Hey, Bud, let’s party!

The spring party season is upon us—and just in the nick of time. According to a nationwide survey we commissioned to examine American party proclivities, we are a country of unabashed revelers: 80 percent of Americans say they “love attending parties.”  So party-eager are some of the 1,203 men and women surveyed in The Salonniere’s Spring ‘17 Party Poll that 12 percent say they’ve “crashed a party” they weren’t invited to and 5 percent have accidentally shown up for a party on the wrong day.

If those results don’t surprise you, grab a Royal Blush and come closer because these rascally results just might.

From snooping and swilling to RSVPing, The Salonniere's Spring '17 Party Poll offers a fascinating look at the party proclivities of Americans.

Richard Burton, Claudia Cardinale, and Elizabeth Taylor at a party in 1967. Photo: Getty

Swilling, Spilling, Snooping, and Sneaking

According to our party poll, some of us are doing some rather unfettered fêteing while attending parties in other people’s homes:

  • 38 percent admitted to snooping in the party host’s medicine cabinet or someplace else,
  • 33 percent acknowledged sneaking out of a party to avoid seeing someone,
  • 24 percent fessed up to getting frisky with their date in the party host’s home,
  • 12 percent admitted to hitting on someone else’s date,
  • 7 percent acknowledged ditching their date altogether and leaving a party with someone else, and
  • 6 percent admitted to stealing something from the party host’s home.

All that rascally revelry makes the little things that happen at parties—like breaking something (oops, 26 percent have done that) and spilling red wine (15 percent cop to that)—as benign as a mocktail.

From snooping and swilling to RSVPing, The Salonniere's Spring '17 Party Poll offers a fascinating look at the party proclivities of Americans.

Sophia Loren celebrating her 29th birthday in Rome in 1963. Photo: Getty

I Feel a Party Coming On

According to the survey, festive Americans are finding all kinds of reasons to throw or go to parties. Topping the list are birthday parties, with 73 percent saying they like celebrating America’s birthday on July 4th and 73 percent saying they like hosting or attending birthday parties for friends and family members. But party hosts take note: an overwhelming 72 percent of respondents said they’d never want to be the subject of a surprise party. Surprising, huh?

Other popular reasons for hosting or attending parties are New Year’s Eve (69%), Christmas (67%), Thanksgiving (60%), Cinco de Mayo (43%), St. Patrick’s Day (39%), Oktoberfest (38%), Memorial Day (36%), Labor Day (33%), Valentine’s Day (18%), Midsummer’s Eve (16%), Hanukkah (11%), and Bastille Day (10%). Proving that some people will look for any excuse to throw a party, six percent like to invite friends over to celebrate Arbor Day.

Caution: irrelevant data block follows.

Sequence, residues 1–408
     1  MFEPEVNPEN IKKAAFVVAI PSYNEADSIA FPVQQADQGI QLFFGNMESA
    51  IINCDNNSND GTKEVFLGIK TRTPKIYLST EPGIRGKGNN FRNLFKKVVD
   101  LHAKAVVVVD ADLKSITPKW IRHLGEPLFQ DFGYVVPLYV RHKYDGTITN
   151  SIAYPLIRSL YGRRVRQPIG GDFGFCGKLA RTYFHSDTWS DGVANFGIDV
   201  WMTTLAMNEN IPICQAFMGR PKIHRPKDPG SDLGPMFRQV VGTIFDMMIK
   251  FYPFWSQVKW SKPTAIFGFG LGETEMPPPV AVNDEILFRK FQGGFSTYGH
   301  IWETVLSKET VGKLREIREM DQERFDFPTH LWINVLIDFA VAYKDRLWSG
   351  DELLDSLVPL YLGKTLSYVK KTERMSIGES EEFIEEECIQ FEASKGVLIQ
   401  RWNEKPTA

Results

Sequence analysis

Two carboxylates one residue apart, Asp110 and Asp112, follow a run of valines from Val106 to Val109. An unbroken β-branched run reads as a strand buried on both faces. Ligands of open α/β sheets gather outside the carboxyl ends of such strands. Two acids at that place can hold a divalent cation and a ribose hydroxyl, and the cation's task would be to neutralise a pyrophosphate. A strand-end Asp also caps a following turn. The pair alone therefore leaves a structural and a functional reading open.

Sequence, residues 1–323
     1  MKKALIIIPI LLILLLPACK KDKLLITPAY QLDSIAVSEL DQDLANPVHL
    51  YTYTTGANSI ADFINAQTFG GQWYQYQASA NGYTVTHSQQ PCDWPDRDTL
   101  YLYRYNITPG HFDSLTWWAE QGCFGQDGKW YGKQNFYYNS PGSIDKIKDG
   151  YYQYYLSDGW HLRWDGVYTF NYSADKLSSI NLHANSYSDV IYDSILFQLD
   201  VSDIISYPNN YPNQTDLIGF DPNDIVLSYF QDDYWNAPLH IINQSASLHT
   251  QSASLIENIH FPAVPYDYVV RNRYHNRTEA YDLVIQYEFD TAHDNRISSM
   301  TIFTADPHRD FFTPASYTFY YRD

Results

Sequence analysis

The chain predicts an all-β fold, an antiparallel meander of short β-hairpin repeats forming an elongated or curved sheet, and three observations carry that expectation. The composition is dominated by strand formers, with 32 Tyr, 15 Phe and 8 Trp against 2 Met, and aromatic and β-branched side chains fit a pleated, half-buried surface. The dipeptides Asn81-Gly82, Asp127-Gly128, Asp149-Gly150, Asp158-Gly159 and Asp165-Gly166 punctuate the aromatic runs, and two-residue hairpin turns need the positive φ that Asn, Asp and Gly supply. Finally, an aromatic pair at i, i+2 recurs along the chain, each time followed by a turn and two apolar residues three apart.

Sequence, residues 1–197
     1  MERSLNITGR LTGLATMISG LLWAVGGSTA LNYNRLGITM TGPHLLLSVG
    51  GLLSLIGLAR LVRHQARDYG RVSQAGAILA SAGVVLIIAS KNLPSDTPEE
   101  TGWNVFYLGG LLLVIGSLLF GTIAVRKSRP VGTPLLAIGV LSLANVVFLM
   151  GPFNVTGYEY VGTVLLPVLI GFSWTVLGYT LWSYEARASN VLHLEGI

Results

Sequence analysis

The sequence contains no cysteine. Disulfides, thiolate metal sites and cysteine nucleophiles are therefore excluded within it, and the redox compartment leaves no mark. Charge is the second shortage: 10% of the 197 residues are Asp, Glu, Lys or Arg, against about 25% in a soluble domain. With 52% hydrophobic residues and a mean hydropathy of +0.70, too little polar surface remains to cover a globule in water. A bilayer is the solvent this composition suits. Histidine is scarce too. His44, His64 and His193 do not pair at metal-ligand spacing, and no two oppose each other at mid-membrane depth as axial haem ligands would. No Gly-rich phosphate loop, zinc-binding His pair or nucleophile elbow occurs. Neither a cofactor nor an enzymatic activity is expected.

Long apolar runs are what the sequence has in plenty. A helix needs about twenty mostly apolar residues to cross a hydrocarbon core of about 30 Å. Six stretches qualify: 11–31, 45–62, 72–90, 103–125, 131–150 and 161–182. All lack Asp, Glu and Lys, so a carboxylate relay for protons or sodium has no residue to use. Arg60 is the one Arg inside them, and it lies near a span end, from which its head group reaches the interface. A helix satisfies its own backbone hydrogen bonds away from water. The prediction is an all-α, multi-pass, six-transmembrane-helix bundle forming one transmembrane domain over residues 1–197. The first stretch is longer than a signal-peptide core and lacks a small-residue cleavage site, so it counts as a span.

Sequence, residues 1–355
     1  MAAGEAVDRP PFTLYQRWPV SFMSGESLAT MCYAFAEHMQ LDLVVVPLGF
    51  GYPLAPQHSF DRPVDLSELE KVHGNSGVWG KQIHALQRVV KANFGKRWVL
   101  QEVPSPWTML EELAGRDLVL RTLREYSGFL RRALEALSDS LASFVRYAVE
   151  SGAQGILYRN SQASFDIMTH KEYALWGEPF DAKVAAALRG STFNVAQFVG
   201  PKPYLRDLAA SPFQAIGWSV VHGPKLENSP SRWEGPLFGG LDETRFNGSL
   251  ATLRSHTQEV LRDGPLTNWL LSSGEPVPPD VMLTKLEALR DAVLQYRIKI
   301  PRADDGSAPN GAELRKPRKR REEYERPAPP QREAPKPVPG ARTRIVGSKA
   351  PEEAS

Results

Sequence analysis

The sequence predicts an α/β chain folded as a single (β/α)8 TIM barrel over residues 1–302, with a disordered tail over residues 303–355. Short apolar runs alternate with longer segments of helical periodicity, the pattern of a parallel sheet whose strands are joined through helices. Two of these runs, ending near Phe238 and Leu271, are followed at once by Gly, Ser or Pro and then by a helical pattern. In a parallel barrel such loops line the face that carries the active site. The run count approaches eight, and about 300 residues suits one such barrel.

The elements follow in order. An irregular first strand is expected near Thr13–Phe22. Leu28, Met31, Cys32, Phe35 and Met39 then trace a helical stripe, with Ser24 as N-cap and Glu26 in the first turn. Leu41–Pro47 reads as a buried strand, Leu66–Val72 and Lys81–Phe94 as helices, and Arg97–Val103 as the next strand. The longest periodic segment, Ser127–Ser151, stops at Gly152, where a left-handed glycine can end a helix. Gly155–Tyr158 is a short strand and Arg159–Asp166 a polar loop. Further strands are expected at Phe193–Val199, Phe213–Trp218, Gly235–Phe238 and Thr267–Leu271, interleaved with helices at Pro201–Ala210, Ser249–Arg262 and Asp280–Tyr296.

From snooping and swilling to RSVPing, The Salonniere's Spring '17 Party Poll offers a fascinating look at the party proclivities of Americans.

Actor Kirk Douglas, film director Robert Evans, actor Tony Curtis and their wives at a dinner party at Evans’ Beverly Hills home in 1968.

Trump Wins…Again

Dinner parties are one of the most popular ways to entertain, so we decided to query America about the person they’d most like to sit next to at a dinner party. More people (36%) chose President Donald Trump than any other newsmaker. In second place with 24 percent of the vote was former President Barack Obama. Other vote getters were Michelle Obama (12%); Oprah Winfrey (7%); Lady Gaga (6%); Hillary Clinton, Vladimir Putin, and First Lady Melania Trump (all tied at 4% each); Lin Manuel Miranda (3%); and Kim Kardashian (1%).

Perhaps one reason so many Americans chose President Trump is to chat about the White House Correspondents’ Association dinner on April 29th: one-third of those polled said he’s a party pooper for vowing to skip the event, an annual gathering of journalists and newsmakers that typically includes the sitting president.

Regardless, some might find these tips helpful for talking politics at the table. It would be best not to join the 38 percent of folks who admitted to drinking too much and saying or doing something they regretted.

From snooping and swilling to RSVPing, The Salonniere's Spring '17 Party Poll offers a fascinating look at the party proclivities of Americans.

Joan Crawford

Changing Party Practices

Finally, The Salonniere’s Spring ’17 Party Poll revealed some interesting insights into traditional practices like RSVPing to parties, bringing hostess gifts, and writing thank-you notes.  According to the survey:

  • 38 percent of people often ignore the request to RSVP to a party,
  • 20 percent intentionally wait until the last possible minute to RSVP,
  • 63 percent do not generally bring the host or hostess a gift, and
  • Just 15 percent say they send the host or hostess a thank-you note or email after a party.

Sammy Davis, Jr.

But who throws a party for the thank-you notes anyway? Bonne soirée, fellow socials, and don’t forget to prep those powder rooms. There are snoopers among us.

Commissioned by The Salonniere, The Salonniere’s Spring ’17 Party Poll was conducted in March 2017 by a leading national research firm. The survey respondents were 1,203 men and women from across the country who are between the ages 25 and 59 and have a household income in excess of $75,000 per year. The results have a margin of error of plus or minus five percent.

Party Poll Welcome Mash-Up

Welcome photo: Frank Sinatra and Ava Gardner in 1951 (AP Photo)
Welcome quote: Fast Times at Ridgemont High, 1982

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